Wildlife Wednesday

One of the most painful stings is delivered by this wasp found buzzing around at Red Rock Canyon: tarantula hawk (Pepsis spp.), also known as tarantula wasps and pepsis wasps. Ranging in size up to two inches, this velvety black-blue wasp has reddish to orange wings and can be found feeding on nectar in flower rich areas around the desert. The tarantula hawk’s brightly contrasting orange colors warn other creatures that ingesting them might not be worth the risk, as this is a common adaptation signaling that they are harmful. Human interactions with this wasp are slim, as they are mostly docile towards us, but accidents do happen when one nonchalantly places a hand or a foot where a tarantula hawk may be resting or feeding. Once provoked and a sting is administered, severe pain immediately takes over the victim.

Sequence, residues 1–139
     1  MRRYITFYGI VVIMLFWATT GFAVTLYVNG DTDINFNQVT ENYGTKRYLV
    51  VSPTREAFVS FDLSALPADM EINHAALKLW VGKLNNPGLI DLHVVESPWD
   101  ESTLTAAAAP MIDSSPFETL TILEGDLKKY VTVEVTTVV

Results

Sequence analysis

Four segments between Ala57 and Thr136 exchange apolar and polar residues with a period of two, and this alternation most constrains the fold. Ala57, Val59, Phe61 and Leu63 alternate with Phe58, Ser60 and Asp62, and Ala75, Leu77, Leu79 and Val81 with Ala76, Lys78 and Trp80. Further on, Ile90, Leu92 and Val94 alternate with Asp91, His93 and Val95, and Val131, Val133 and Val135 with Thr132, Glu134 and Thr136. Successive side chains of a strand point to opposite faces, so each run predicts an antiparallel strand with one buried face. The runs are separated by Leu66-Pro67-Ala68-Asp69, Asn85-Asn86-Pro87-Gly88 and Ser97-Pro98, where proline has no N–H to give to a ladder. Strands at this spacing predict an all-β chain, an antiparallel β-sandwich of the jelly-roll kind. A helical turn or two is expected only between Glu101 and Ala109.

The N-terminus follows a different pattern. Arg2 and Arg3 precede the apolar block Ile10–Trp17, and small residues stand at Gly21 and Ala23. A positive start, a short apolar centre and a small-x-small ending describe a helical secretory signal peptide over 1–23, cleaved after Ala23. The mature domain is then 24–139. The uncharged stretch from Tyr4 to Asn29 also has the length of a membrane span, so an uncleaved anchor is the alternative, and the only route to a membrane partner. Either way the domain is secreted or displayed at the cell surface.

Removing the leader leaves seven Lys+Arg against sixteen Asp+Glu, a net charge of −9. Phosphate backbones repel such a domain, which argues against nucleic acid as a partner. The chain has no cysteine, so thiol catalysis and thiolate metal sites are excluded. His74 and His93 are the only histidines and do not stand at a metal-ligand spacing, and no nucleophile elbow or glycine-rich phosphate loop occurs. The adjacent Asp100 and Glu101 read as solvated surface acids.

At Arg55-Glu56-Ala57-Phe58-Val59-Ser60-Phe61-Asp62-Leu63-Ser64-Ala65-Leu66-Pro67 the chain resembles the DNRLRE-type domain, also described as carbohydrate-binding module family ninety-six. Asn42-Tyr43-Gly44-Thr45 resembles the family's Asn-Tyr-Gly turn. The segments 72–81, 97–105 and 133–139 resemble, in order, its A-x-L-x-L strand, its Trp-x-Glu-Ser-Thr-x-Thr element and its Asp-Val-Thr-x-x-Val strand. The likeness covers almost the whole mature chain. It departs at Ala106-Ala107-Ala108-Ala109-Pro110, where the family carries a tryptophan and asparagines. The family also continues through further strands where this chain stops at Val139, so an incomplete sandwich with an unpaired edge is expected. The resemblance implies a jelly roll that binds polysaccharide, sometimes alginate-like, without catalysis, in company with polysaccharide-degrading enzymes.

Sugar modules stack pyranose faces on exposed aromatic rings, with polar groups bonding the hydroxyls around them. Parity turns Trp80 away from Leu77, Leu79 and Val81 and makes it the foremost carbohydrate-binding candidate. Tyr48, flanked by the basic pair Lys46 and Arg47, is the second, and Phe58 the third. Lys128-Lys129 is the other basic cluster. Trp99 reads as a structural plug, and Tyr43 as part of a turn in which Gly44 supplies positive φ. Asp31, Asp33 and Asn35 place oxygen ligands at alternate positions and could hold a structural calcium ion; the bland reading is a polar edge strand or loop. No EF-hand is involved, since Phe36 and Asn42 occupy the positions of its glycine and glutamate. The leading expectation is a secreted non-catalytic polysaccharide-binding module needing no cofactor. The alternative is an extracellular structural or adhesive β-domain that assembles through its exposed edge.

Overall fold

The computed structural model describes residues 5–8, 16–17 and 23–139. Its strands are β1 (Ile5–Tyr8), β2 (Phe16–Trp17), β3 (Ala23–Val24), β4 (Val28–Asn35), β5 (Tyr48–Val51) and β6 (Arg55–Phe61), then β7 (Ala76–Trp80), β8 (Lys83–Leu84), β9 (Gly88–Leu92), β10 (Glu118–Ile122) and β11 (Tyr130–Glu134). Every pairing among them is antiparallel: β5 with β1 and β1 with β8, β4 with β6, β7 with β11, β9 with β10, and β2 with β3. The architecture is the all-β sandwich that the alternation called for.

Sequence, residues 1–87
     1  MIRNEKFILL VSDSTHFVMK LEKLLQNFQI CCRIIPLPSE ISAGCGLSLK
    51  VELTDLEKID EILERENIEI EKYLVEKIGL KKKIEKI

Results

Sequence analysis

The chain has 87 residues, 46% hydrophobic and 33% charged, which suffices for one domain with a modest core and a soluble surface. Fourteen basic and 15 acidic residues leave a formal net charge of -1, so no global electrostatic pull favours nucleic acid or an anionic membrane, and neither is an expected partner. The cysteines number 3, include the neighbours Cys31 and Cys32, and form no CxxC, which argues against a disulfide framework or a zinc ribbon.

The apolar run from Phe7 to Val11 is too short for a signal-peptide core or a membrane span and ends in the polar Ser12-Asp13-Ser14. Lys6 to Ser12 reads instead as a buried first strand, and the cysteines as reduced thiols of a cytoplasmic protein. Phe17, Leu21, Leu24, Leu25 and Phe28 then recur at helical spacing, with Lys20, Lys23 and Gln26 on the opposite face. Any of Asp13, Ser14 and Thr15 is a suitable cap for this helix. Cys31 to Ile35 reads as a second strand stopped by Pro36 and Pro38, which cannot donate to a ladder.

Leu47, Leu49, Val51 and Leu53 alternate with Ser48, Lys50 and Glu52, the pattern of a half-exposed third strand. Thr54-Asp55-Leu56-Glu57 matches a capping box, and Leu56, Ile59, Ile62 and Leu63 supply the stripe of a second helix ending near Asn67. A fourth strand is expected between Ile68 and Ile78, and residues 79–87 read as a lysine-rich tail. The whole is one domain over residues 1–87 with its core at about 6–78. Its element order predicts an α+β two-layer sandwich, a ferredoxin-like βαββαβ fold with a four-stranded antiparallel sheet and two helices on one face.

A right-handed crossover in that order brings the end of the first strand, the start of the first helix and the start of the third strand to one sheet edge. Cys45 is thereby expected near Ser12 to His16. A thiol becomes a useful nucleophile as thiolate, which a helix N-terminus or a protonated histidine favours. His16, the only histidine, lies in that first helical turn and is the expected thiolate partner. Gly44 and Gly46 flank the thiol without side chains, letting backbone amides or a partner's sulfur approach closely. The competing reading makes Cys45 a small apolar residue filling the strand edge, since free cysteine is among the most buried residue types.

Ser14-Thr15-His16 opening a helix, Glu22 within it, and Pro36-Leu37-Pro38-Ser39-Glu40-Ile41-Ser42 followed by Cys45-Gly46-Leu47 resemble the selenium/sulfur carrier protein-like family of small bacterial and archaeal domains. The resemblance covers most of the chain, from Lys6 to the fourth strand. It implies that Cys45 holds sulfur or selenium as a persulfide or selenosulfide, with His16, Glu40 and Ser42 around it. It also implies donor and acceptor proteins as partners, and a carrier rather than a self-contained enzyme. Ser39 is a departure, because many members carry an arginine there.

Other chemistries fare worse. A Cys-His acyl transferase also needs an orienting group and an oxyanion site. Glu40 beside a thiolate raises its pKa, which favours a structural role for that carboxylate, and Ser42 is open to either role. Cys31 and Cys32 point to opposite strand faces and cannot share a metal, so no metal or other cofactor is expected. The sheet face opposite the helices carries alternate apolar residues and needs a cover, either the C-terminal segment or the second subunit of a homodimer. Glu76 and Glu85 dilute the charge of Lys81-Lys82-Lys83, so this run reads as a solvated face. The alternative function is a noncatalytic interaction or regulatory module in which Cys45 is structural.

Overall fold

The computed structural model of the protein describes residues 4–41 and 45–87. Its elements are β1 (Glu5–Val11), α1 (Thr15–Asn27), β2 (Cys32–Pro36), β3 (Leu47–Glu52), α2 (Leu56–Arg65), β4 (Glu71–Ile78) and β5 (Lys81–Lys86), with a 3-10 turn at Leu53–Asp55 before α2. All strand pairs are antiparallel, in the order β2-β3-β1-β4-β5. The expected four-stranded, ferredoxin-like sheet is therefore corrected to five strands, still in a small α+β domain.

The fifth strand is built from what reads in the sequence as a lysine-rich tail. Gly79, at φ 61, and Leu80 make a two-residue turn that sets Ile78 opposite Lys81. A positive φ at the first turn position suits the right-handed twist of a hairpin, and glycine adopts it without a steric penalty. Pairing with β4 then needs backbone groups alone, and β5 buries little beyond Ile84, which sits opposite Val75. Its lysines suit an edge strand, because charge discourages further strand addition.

The tarantula hawk has a horrific story to tell as it creates almost a parasitic relationship with the desert tarantula (Aphonopelma iodius). When a female tarantula hawk is ready to lay her egg, she preys on traveling tarantulas by stinging the spider to immobilize it and then buries its victim in a burrow. Once the immobilized spider is in place underground, the female tarantula hawk lays her egg in the burrow and closes the burial chamber. Once the egg hatches, larva slowly kill the tarantula by feeding on the spider for three weeks until they emerge as an adult wasp.

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